Thomas Scoon creates figures from sequences of stone and cast glass. Arising from the external landscape where he lives, which is filled with remnants of stone walls and random boulders too large for men to move, he gathers stones from quarry rubble and from New Hampshire neighbors and friends who allow him to choose stone from their land. His sculpture, combined with these “found objects,” suggest human figures and evoke the feeling and gesture of human forms. Thomas claims he does very little to the stones, and that is probably true, but his choices of rock - to find the pieces that most resemble a human head or torso - prefaces his sculptural vision, as he emphasizes qualities he believes are already naturally present. Use of kiln-cast glass around the stones allows for qualities of light, and a certain spiritual element, to pass through the forms.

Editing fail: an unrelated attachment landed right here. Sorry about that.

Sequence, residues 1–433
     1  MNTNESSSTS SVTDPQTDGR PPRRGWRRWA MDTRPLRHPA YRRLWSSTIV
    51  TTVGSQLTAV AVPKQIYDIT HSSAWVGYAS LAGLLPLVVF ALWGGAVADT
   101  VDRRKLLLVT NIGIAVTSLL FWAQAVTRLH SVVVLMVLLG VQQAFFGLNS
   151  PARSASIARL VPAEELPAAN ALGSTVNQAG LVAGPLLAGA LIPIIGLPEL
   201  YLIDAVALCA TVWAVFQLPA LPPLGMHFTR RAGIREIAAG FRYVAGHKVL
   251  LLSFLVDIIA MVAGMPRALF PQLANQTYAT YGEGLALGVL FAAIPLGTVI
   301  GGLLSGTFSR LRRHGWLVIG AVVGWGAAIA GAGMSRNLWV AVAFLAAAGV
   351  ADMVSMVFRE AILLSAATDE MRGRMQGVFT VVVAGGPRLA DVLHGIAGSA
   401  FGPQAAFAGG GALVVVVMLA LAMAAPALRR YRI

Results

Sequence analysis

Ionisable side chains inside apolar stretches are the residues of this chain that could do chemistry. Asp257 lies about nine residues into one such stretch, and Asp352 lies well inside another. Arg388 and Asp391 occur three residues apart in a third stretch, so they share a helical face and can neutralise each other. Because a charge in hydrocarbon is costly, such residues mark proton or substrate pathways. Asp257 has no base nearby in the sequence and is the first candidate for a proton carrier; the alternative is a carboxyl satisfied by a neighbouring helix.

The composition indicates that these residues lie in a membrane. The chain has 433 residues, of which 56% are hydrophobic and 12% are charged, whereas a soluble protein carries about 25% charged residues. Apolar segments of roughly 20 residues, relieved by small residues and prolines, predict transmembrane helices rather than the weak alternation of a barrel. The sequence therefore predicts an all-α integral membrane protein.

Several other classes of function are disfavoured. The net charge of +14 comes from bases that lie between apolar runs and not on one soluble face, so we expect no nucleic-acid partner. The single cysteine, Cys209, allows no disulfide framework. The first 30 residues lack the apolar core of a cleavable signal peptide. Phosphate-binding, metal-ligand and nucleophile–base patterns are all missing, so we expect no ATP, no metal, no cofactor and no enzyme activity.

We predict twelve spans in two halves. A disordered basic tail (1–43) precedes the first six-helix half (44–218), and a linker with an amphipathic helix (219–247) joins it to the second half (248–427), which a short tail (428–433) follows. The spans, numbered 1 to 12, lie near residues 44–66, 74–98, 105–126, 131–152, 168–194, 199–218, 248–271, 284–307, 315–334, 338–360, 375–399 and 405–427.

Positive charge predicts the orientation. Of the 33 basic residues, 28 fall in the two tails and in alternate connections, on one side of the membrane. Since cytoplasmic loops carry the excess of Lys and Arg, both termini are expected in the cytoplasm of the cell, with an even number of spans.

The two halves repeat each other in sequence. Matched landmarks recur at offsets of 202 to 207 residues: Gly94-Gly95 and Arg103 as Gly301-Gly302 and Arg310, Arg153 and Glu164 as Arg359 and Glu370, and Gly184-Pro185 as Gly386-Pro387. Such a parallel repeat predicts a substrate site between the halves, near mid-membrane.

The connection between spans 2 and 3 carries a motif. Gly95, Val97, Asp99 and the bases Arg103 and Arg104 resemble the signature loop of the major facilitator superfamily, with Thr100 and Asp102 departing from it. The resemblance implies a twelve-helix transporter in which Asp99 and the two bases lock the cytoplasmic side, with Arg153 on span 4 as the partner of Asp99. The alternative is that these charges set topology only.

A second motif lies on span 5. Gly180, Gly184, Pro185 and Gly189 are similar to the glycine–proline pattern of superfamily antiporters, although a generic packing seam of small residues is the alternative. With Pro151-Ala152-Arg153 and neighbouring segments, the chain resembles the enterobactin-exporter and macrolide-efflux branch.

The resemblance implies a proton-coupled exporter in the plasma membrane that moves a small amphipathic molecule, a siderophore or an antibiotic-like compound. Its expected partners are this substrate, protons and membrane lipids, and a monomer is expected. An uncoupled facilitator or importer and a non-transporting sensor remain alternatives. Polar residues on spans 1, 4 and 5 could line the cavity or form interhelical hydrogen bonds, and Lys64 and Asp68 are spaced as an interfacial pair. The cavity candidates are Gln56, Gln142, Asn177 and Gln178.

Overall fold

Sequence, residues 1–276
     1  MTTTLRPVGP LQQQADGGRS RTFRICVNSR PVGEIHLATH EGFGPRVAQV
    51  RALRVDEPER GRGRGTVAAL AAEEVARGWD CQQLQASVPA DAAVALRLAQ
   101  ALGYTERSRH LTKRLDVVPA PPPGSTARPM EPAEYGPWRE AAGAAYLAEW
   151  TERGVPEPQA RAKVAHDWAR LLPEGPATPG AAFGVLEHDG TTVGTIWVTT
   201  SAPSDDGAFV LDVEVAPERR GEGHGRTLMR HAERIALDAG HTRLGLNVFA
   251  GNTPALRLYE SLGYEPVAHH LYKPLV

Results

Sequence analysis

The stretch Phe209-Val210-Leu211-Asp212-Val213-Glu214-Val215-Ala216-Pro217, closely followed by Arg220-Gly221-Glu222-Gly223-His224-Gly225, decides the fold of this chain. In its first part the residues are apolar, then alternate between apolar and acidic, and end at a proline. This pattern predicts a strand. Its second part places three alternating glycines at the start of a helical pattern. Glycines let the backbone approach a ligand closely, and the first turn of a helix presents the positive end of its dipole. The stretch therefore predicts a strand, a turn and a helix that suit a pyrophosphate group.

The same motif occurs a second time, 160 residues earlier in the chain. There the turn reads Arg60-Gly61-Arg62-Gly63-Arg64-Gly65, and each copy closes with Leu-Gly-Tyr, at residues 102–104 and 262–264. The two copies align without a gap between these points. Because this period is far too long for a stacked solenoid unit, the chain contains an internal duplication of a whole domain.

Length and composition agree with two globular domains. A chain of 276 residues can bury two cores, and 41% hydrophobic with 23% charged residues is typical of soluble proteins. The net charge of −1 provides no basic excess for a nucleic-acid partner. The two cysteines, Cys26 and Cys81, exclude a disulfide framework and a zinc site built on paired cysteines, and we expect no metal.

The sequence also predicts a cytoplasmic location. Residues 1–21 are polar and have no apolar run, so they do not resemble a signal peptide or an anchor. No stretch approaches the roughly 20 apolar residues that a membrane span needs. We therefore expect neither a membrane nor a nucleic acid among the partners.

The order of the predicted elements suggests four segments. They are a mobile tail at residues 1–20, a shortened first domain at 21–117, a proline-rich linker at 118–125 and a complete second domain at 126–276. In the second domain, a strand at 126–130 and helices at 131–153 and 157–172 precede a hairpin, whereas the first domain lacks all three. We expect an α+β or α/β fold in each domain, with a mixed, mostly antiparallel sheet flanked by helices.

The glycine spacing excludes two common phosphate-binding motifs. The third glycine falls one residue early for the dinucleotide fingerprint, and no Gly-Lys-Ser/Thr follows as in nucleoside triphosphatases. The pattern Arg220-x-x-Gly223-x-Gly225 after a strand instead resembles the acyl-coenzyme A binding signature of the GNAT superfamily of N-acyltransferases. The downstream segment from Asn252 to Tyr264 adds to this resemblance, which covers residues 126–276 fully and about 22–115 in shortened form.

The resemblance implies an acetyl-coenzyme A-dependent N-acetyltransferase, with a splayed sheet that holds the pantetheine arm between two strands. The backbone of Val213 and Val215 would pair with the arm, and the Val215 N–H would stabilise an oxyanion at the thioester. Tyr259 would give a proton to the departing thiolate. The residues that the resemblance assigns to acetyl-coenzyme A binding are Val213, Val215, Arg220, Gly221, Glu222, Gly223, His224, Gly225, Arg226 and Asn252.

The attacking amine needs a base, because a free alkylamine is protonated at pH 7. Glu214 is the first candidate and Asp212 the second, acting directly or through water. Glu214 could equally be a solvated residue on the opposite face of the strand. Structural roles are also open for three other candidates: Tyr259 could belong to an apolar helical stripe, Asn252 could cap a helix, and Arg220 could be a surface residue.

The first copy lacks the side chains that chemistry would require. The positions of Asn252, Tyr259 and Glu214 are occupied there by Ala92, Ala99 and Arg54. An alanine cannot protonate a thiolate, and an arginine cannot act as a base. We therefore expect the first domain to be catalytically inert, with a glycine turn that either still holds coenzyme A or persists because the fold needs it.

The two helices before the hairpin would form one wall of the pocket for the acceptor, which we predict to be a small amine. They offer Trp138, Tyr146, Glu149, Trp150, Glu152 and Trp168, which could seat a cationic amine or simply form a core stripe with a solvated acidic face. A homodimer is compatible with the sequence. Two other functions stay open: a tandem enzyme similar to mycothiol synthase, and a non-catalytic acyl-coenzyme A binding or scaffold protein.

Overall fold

In contrast, Ron Starr takes a freestyle approach to his work, enjoying the organic nature of sand and its 'magical' transformation into glass. Ron's work - highly gestural - results from years of study with high-fired ceramic methods. Exuding fluid energy, Ron exploits the properties of glass under intense heat to produce richly decorated surfaces that are imbued with particular dark attraction for their shape, color, and organic texture. Inspired by nature's trees, and perhaps in response to global concerns of our forests, Ron's work can be read as allegorical to ancient tree forms - illustrative of certain decay, watery light - and possessing mythical power and vigor through his expression of gesture, ideas and process.
We close our inaugural Winter Salon 2008 with many, many thanks to all our artists, with pride and a warm au revoir to our new friends at our new home! We look forward to seeing you again, and again, at our new home and abroad!